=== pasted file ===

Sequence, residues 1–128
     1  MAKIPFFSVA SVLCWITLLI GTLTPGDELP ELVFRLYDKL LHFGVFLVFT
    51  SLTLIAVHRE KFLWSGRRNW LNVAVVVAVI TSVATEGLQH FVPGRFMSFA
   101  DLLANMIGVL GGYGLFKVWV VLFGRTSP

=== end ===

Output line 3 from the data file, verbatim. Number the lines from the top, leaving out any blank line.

    51  SLTLIAVHRE KFLWSGRRNW LNVAVVVAVI TSVATEGLQH FVPGRFMSFA